'Dynasty' Is Filled With Rich People Problems, But That's Why You Should Give It A Chance
The era of peak TV has seen the advent of many impactful, of-the-moment series: The Handmaid's Tale skewers the patriarchy among other things, Transparent sheds insight on the complexity of gender identity, Orange Is the New Black captures the injustice of the prison system and the wide-ranging, multi-dimensional women that populate it. It may seem difficult, then, to understand why people should care about a show like Dynasty, The CW's reboot of the 1981-born nighttime soap. Like its predecessor, it offers a melodramatic glimpse into the decadent, greed-driven lives of two obscenely affluent American families — the ever-sparring Carringtons and Colbys — though with a few modern liberties. The cast is more diverse, the setting is in Atlanta rather than Denver, and Blake's formerly derided son, Steven, is openly gay and accepted as such.
To that end, star Elizabeth Gillies — who plays Fallon Carrington, an ambitious, headstrong heiress — says Dynasty can be viewed in two ways: As deliberate and unabashed escapism, or as a self-aware reflection of the darker realities of wealth. "The world is tough enough as it is. If you want to sit down and look at a pretty mansion for a couple hours, [so be it]," Gillies says, speaking to Bustle at the CW Upfronts red carpet. But peel back the layers, she explains, and you might see something deeper.
"On top of that, we have all walks of life in the show. Yes, it centers around these two families that are extraordinarily wealthy and they’re battling around for riches and all that ... [but] it’s not all about that," she continues. "It shows that these people are so wealthy, and yet they’re so miserable sometimes. [Fallon's] just so unhappy, really. She wants to be taken seriously by her father. It doesn’t matter how much money you have. It’s sad to see how inside you can just crumble while you have this castle around you. It almost makes it worse."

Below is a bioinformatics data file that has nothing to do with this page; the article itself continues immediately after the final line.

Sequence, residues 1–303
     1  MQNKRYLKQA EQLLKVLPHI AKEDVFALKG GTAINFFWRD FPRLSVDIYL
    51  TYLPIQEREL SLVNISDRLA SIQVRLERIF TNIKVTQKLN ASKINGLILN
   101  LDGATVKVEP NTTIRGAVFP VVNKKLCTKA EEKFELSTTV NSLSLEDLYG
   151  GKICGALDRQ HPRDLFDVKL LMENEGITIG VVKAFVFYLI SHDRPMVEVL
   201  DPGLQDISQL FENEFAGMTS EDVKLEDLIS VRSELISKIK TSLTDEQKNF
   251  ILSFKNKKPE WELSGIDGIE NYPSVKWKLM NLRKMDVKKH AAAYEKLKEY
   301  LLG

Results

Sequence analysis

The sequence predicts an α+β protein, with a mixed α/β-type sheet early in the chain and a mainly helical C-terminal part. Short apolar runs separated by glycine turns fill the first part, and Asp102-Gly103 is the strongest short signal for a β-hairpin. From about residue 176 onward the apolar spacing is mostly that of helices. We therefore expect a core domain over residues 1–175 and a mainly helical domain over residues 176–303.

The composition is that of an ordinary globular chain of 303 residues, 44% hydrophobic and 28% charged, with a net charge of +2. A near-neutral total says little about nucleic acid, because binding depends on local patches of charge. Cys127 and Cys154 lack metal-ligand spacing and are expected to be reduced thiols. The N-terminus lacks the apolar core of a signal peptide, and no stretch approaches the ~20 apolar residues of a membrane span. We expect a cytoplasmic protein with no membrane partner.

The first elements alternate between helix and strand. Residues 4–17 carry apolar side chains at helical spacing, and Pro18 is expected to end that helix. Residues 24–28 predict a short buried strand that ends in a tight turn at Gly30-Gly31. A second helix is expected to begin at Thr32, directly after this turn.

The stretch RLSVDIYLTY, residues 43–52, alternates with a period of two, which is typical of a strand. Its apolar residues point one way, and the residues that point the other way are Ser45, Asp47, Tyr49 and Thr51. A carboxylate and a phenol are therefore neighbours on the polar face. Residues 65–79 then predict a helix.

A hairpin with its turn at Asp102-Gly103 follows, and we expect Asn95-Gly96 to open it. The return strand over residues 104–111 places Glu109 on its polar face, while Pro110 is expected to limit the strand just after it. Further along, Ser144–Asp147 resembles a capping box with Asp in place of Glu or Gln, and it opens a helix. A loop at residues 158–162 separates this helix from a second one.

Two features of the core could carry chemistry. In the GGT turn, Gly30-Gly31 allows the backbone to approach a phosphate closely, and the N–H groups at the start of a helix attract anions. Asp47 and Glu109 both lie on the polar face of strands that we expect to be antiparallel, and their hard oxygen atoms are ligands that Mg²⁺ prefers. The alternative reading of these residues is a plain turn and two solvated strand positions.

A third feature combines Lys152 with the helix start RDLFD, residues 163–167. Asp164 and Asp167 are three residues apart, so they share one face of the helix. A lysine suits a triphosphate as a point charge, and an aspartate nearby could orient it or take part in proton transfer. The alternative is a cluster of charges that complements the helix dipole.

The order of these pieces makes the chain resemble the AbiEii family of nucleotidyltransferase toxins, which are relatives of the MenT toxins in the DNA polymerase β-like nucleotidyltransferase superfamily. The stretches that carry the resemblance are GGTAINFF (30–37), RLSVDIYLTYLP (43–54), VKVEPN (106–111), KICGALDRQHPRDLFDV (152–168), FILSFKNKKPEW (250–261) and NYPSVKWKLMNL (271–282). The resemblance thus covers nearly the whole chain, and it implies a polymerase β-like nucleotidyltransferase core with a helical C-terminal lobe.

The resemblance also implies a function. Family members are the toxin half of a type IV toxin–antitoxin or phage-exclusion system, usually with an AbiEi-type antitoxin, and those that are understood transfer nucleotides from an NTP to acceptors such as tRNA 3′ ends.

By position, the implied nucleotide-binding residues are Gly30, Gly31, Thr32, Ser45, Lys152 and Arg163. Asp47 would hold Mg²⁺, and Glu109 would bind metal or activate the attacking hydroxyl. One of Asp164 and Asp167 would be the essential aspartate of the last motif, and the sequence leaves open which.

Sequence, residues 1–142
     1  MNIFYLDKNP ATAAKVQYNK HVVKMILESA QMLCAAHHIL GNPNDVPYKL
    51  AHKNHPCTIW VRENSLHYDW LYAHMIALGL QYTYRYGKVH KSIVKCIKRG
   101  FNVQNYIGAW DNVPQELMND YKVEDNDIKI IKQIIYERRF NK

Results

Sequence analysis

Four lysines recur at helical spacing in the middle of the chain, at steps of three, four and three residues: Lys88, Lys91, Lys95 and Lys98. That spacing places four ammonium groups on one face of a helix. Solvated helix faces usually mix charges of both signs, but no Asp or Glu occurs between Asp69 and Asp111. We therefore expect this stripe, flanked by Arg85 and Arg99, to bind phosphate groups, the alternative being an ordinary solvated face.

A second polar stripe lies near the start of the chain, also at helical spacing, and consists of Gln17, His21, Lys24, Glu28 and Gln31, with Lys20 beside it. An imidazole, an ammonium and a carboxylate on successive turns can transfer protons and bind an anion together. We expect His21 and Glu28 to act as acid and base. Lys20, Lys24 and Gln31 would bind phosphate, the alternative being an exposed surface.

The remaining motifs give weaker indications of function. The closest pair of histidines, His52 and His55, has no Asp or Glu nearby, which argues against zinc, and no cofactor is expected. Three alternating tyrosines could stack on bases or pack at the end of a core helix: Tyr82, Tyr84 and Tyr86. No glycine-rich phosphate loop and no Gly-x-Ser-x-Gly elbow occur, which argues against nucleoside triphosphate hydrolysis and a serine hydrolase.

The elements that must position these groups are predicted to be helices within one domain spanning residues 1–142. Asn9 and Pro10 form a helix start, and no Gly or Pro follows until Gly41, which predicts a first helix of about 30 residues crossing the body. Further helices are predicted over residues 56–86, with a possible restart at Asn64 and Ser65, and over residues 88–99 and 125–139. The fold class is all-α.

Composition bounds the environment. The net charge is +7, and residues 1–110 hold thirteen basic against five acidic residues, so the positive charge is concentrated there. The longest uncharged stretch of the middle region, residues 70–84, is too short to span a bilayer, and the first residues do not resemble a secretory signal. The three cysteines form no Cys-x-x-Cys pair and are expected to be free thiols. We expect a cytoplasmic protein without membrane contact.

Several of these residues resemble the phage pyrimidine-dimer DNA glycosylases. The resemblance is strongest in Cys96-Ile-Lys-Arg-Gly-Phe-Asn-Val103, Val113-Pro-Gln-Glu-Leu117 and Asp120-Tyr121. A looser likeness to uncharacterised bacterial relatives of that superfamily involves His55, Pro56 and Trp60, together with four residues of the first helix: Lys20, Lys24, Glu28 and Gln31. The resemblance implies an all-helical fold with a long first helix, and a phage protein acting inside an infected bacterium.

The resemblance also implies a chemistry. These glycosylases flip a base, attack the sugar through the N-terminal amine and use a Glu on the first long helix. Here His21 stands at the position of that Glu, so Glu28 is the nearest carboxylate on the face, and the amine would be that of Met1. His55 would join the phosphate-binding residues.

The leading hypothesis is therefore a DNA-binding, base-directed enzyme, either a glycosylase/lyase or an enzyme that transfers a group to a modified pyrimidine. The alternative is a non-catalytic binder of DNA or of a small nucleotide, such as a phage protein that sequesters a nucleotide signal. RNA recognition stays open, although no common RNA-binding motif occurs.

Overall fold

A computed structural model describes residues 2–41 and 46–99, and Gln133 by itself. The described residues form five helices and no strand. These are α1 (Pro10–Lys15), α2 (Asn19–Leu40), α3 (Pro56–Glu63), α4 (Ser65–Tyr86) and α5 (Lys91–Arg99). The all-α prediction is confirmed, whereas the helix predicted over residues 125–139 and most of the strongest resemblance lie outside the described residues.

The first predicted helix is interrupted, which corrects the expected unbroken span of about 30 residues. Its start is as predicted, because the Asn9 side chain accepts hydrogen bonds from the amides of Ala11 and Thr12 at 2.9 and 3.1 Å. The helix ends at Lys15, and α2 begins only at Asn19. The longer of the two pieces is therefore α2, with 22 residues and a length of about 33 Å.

In fact, Grant Show and Alan Dale — who play energy company tycoon Blake Carrington and his judgmental butler, Joseph Anders, respectively — think watching rich people flounder on-screen couldn't be more aptly timed. "We’re watching a bunch of rich people messing up the White House at the moment," Dale says, with Show adding: "I think it’s a perfect time to see a bunch of old, rich people. When we’re having a hard time is when we want to see a bunch of rich people with all their glamor and then all of their foibles."
Those are shrewd points, and as noted by The New York Times, the pilot indeed tips its hat to the real-life dynasties that currently preside over the country: the Kardashians, the Murdochs, the Trumps. But how you ultimately view the series will depend on its execution. Reviews thus far have been underwhelming, with the Times' James Poniewazik calling it an "obvious' retelling that does little to reinvigorate old plot lines, and Variety's Maureen Ryan writing that despite the show's intentions, its earnest approach lacks the intrigue and flair that made its creators' past work (The O.C., Gossip Girl) so compelling.
But that's based solely on the single episode provided to critics, and if The CW's take is anything like the original, it may take some time to find its footing. After all, it wasn't until the villainous Alexis arrived in Season 2 that Dynasty was considered a hit. In such a saturated TV landscape, the reboot may not have that much time, but it's certainly owed a chance. It may not have the sort of profound, deep-cutting storytelling we've become accustomed to, but at the very least, it could be an enjoyable guilty pleasure, and at the most, it may surprise you.
Additional reporting by Sage Young.